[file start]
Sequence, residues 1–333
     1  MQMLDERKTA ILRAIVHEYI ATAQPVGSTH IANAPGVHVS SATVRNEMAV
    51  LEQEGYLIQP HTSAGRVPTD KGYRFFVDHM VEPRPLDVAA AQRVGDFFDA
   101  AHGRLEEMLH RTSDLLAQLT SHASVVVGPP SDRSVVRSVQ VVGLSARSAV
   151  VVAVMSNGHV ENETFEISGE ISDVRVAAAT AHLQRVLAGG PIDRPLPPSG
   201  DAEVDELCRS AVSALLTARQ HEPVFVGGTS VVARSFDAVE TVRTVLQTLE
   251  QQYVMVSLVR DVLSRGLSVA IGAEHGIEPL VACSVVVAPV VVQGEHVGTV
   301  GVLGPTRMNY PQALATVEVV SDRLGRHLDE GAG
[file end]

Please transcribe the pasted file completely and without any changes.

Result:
Sequence, residues 1–333
     1  MQMLDERKTA ILRAIVHEYI ATAQPVGSTH IANAPGVHVS SATVRNEMAV
    51  LEQEGYLIQP HTSAGRVPTD KGYRFFVDHM VEPRPLDVAA AQRVGDFFDA
   101  AHGRLEEMLH RTSDLLAQLT SHASVVVGPP SDRSVVRSVQ VVGLSARSAV
   151  VVAVMSNGHV ENETFEISGE ISDVRVAAAT AHLQRVLAGG PIDRPLPPSG
   201  DAEVDELCRS AVSALLTARQ HEPVFVGGTS VVARSFDAVE TVRTVLQTLE
   251  QQYVMVSLVR DVLSRGLSVA IGAEHGIEPL VACSVVVAPV VVQGEHVGTV
   301  GVLGPTRMNY PQALATVEVV SDRLGRHLDE GAG